China Gives Global Miners an African Headache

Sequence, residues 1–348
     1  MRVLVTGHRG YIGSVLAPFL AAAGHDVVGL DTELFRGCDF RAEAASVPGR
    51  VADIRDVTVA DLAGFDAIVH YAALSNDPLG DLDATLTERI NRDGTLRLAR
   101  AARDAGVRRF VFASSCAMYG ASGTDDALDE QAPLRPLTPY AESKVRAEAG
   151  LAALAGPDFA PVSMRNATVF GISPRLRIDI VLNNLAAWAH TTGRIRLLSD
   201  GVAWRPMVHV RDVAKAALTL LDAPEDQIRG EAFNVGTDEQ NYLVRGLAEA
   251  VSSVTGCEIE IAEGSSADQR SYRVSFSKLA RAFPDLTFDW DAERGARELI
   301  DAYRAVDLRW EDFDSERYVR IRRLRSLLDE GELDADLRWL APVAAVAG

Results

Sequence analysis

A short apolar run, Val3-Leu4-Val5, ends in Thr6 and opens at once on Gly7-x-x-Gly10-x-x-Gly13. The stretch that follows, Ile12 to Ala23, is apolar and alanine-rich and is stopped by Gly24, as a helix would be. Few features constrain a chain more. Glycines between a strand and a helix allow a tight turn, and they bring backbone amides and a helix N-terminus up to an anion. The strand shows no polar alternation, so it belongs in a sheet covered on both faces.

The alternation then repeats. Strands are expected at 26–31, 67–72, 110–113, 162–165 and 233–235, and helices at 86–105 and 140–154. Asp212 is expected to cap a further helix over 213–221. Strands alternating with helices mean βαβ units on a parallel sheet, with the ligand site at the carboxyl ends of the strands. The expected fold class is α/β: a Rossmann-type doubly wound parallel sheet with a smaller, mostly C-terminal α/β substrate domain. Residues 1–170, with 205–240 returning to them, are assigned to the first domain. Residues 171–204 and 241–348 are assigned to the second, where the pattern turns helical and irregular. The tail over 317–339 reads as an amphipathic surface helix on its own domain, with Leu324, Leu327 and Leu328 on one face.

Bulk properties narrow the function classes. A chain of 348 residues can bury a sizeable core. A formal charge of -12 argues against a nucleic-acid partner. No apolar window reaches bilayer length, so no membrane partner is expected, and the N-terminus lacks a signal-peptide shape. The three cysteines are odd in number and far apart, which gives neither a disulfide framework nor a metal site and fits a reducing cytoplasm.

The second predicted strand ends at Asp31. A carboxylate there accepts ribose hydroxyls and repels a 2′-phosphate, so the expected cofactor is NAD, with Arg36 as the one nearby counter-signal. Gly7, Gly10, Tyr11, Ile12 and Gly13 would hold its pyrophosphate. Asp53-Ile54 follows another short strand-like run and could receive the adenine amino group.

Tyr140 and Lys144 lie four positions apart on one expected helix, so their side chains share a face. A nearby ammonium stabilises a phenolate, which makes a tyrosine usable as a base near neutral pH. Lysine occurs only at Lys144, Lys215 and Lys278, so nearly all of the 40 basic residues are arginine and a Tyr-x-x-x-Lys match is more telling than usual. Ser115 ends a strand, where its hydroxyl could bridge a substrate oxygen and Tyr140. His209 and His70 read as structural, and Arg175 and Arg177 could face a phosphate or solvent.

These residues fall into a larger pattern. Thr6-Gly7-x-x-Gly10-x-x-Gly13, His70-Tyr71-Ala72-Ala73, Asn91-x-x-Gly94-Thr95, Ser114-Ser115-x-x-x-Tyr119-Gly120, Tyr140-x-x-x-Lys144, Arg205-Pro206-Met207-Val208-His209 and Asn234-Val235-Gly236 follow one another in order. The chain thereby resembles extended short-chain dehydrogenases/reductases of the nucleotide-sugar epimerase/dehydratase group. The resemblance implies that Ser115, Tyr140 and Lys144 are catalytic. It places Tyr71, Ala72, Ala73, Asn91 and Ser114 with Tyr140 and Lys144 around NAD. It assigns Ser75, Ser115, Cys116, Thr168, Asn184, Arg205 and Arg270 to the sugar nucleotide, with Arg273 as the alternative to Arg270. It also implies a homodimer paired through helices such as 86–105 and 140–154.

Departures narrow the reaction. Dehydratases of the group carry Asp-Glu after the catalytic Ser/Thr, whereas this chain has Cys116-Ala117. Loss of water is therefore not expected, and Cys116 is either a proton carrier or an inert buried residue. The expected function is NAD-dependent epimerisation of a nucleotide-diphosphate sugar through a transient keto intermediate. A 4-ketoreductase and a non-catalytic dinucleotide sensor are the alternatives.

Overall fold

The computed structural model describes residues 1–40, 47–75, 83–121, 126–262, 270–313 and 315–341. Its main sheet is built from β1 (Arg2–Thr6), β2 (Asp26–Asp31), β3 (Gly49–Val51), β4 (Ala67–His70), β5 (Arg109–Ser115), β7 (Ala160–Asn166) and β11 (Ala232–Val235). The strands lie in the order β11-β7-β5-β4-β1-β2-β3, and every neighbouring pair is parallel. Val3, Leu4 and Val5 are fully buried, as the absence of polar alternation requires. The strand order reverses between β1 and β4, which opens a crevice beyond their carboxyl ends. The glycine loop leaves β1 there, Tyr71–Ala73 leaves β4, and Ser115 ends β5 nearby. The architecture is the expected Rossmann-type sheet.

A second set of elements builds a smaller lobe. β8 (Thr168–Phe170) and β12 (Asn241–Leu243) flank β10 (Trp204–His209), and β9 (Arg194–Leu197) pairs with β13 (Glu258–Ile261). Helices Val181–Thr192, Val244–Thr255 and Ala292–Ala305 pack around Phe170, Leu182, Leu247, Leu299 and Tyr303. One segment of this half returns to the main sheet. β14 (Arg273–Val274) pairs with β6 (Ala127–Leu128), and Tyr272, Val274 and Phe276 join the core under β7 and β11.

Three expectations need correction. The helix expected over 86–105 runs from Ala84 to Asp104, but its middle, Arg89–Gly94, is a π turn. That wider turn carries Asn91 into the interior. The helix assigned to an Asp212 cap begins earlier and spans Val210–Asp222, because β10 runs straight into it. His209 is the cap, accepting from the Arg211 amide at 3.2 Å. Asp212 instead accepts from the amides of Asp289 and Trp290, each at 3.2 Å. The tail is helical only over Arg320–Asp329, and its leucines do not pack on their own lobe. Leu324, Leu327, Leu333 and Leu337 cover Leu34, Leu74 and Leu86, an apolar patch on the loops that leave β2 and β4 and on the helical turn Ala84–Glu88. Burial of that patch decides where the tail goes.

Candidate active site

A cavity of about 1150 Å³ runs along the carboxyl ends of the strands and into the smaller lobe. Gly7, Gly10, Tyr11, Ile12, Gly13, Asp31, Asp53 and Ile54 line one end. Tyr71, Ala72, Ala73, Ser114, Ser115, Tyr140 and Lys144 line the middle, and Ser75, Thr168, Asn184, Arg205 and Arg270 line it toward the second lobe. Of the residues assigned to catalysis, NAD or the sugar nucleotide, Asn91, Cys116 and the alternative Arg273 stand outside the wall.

(Bloomberg Opinion) -- China is poised to let some of its biggest state-owned entities help develop a giant West African iron-ore deposit that’s been tantalizingly promising and painfully problematic for two decades. Whatever happens next, this watershed moment for the steelmaking commodity is bad news for big producers, particularly Rio Tinto Group.The State-owned Assets Supervision and Administration Commission is actively pushing forward with the Simandou mine in Guinea, Bloomberg News reported Thursday, citing people familiar with the matter. The project may cost more than $20 billion.Simandou, tucked away in the south of Guinea, has near-mythical status in the industry, having been coveted by everyone from Ivan Glasenberg of Glencore Plc to Andrew Forrest of Fortescue Metals Group Ltd. and the late Roger Agnelli, former head of Vale SA. After 2007 and 2008, when Rio Tinto used Simandou’s promise to ward off BHP Group’s advances, it was heralded as the project that would open up a new, high-quality iron ore frontier in West Africa to rival Australia’s Pilbara. Instead, it’s been caught in years of expropriation rows, corruption investigations and political disputes. Not a ton has been dug up.A lot is still unclear about what Beijing’s blessing would mean in practice for the deposit, divided into four blocks. The first two were handed last year to SMB-Winning, a consortium backed by Chinese and Singaporean companies, while blocks 3 and 4 are held by Rio Tinto and Aluminum Corp. of China, known as Chinalco. In all likelihood, it will involve financing and practical support for the project’s logistics, the lion’s share of the total cost because of its complexity: 650 kilometers (404 miles) of railway, plus tunnels, roads and a port.Approval would be a significant bet on iron ore, and in some ways, a surprising one. Simandou is at least five or six years away from producing anything. It will miss the bulk of China’s latest infrastructure splurge and could well collide with slowing steel demand. Indeed, in 2018, Chinalco passed on the opportunity to buy Rio’s stake.Two years is a long time in commodities markets, though. China, squeezed by the trade war, has put the focus back on self-reliance for key commodities, and even half of Simandou’s deposit could deliver more than 100 million metric tons a year of high-quality ore, roughly 10% of Beijing’s annual imports. That would help buffer China against events such as a supply squeeze in 2019 caused by a disaster at a Vale dam in Brazil, which drove up iron-ore prices. For China, whose seaborne imports total more than 1 billion tons a year, that output crunch may have added roughly $20 billion or more of extra expenses, not far off the cost of Guinean infrastructure.All of this is a headache for the handful of miners that dominate iron ore production, none more so than Rio. It isn’t as if Pilbara will cease to be profitable. Brazil, with higher freight costs, looks more vulnerable on that front.But China’s newfound enthusiasm for Guinea, if confirmed, leaves Rio in an unwelcome quandary: It can’t ignore a project that could flood the market, especially with the high-quality ore that steel producers increasingly favor. Joining in might give it some control over timing, and the ability to blend Simandou ore with its existing output. Yet it will struggle to convince investors, who can see the miner’s technical and political struggles in Mongolia, and recall that it is still involved in an investigation by the U.S. Department of Justice over corruption allegations in Guinea.Then there's the risk that enthusiasm for West Africa could help secure funding for smaller projects, or prompt those already looking at the region, like Fortescue, to invest in destructive volumes.Simandou is still years away at best, and its complex logistics have defeated earlier pretenders. Yet China’s track record in digging up Guinean bauxite suggests it can be done. If nothing else, Beijing has sounded an iron ore warning.  To contact the author of this story: Clara Ferreira Marques at cferreirama@bloomberg.netTo contact the editor responsible for this story: Matthew Brooker at mbrooker1@bloomberg.netThis column does not necessarily reflect the opinion of Bloomberg LP and its owners.Clara Ferreira Marques is a Bloomberg Opinion columnist covering commodities and environmental, social and governance issues. Previously, she was an associate editor for Reuters Breakingviews, and editor and correspondent for Reuters in Singapore, India, the U.K., Italy and Russia.For more articles like this, please visit us at bloomberg.com/opinionSubscribe now to stay ahead with the most trusted business news source.©2020 Bloomberg L.P.